In Facebook v Voxer, Lord Justice Birss has provided guidance in relation to the use of a 'Formstein' defence to patent infringement established on the basis of the doctrine of equivalents. The proceedings concern an action for revocation brought by Facebook against a patent entitled "Telecommunication and multimedia management method and apparatus" owned by Voxer, the developers of the Walkie Talkie app. Voxer's invention enables users to review messages of conversations in either a live mode or a time-shifted one, and to transition the conversation back and forth between those modes.
Voxer had counterclaimed that Facebook's live broadcast feature via its website and Facebook/Instagram apps on Apple devices infringed the patent, but the Court rejected its infringement claim, both on the basis of a normal interpretation of the patent, and also on the basis of the doctrine of equivalents. The Court also found that the patent, as proposed to be amended by Voxer, was invalid on the grounds of lack of inventive step over a prior US patent.
Of particular interest in the decision is Lord Justice Birss' discussion – which was not needed to determine the case, given his finding of non-infringement on both a normal construction and on the basis of the doctrine of equivalents, and so is obiter – of Facebook's argument that a 'Formstein defence' exists in UK law, as an extension of the well-established Gillette defence. The Gillette defence arises where the allegedly infringing product or process is not new or was obvious as at the priority date of the patent alleged to be infringed. The question for the Court to consider in this case was how to apply this principle in the context of cases where infringement is established on the basis of the doctrine of equivalents.
Birss LJ identified that, where a claim on its normal construction is valid and not infringed, but the Defendant's device is found to infringe by the doctrine of equivalents but is also found to be obvious over the prior art, there are two possible options:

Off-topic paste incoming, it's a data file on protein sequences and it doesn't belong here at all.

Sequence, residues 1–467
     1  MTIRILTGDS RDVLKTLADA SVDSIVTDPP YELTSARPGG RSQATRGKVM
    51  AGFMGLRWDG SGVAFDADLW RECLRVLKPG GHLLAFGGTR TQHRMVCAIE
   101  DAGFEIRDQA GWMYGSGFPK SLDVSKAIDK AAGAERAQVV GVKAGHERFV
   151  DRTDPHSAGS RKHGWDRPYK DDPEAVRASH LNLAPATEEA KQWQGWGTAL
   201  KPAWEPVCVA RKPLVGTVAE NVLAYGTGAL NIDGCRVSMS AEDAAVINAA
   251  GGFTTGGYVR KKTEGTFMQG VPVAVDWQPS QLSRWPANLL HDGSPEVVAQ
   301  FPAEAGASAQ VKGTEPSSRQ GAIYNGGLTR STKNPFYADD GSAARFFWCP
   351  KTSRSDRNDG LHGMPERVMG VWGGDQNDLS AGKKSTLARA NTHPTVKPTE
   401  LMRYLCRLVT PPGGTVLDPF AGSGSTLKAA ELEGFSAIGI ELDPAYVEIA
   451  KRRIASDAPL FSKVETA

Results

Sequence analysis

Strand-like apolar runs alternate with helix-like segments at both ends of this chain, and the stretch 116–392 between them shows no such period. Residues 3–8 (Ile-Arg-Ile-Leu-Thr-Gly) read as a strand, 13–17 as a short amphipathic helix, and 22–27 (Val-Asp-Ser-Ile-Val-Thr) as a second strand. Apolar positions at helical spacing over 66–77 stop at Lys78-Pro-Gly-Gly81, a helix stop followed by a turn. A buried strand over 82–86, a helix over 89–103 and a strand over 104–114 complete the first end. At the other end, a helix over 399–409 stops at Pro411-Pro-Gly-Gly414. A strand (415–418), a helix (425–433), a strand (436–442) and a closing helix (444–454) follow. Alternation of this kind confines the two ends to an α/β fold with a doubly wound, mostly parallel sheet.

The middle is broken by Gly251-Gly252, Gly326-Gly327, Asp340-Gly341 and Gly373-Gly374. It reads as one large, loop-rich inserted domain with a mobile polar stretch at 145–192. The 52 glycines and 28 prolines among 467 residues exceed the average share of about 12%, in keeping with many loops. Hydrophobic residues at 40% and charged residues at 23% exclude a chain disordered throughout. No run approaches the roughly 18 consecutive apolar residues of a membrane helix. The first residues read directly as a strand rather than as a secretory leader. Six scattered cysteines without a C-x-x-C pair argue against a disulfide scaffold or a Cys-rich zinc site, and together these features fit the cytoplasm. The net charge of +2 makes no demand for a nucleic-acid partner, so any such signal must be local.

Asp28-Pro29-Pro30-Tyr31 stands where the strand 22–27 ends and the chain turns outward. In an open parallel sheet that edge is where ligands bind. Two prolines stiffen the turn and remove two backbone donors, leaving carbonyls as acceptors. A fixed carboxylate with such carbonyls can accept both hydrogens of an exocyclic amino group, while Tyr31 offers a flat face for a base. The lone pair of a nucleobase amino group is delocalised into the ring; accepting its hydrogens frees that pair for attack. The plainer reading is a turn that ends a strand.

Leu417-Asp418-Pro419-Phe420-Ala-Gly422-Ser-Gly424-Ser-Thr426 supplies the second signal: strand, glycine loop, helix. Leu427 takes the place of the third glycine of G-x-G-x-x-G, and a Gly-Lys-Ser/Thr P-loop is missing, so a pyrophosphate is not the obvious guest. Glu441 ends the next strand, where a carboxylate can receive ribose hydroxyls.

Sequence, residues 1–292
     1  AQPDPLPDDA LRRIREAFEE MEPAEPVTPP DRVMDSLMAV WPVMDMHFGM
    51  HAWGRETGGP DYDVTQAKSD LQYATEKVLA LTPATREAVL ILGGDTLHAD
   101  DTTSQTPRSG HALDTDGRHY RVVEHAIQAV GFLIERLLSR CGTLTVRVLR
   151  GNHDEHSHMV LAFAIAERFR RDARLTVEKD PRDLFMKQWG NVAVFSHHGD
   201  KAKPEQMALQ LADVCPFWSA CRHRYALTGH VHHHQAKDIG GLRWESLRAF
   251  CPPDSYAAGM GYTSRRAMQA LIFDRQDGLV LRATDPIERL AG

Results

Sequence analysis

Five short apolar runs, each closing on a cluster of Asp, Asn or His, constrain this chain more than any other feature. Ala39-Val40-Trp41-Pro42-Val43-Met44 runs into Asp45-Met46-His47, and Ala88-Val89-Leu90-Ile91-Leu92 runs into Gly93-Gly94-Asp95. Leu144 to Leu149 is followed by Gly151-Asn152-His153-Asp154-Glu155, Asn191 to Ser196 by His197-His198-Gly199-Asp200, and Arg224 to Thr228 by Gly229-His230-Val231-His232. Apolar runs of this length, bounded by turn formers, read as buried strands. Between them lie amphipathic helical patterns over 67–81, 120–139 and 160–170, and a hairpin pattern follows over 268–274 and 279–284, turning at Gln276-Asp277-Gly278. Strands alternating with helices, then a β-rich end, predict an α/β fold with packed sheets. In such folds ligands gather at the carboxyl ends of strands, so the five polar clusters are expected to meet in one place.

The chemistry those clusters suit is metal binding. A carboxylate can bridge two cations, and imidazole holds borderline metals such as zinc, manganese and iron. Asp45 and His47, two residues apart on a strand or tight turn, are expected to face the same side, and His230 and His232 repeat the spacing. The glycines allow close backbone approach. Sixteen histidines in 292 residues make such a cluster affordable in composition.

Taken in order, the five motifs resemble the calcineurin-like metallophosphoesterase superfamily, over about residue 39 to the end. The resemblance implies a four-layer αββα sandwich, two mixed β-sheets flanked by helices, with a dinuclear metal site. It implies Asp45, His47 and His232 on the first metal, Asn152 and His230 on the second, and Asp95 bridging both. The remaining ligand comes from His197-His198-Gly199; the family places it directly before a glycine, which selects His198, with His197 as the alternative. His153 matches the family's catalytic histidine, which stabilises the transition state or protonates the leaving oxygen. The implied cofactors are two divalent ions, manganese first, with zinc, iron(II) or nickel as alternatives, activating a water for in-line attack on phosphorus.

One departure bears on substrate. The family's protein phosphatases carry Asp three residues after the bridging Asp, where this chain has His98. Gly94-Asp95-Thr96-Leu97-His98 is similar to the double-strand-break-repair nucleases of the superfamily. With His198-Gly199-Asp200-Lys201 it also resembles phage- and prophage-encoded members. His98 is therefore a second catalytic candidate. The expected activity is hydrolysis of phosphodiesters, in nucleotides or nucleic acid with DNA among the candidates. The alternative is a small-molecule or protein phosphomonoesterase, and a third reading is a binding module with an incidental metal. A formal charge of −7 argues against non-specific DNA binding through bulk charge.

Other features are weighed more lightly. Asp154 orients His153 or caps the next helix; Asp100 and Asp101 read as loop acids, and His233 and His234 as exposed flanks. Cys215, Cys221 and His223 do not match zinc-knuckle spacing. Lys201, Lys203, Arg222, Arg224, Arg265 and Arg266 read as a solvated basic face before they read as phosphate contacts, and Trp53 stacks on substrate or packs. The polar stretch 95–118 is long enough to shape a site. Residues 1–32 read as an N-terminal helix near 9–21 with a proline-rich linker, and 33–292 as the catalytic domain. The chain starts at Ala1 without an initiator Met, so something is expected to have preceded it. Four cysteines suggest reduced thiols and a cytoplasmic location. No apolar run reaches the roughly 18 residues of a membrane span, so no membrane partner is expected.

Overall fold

- The claim could be found infringed but invalid because its proper scope, taking into account equivalents, encompasses something obvious over the prior art; or
- The claim could be found valid but not infringed on the basis that the law of equivalents mandates that the equivalents doctrine does not expand the claim in such a factual scenario.
Whilst both answers could be a logical response and, if there were no authority on the point, he thought the invalidity approach could be seen as a "purer application of the letter of the law", Birss LJ decided to follow the approach of the German courts in the Formstein case itself. Notably that approach has also been followed in the Netherlands (in Eli Lilly v Fresenius), with the same outcome applying also in US case law, albeit on a different doctrinal basis. Accordingly, he concluded that, where an equivalent device lacks novelty or is obvious, the claim scope must be confined to its normal construction, and so the claim would be valid but not infringed. As Birss LJ stressed, this approach promoted certainty and he thought it appropriate for the approach taken in other European Patent Convention states to be adopted in the UK.
The possibility of relying upon a Formstein defence in an infringement case based on equivalents was first raised in a 2019 decision of HHJ Hacon in the Intellectual Property Enterprise Court, Technetix v Teleste (discussed in our update here). Again, the Court's observations on the Formstein defence were obiter, but there now appears clear guidance from Birss LJ as to the applicability of the defence in future relevant cases, and how it will operate.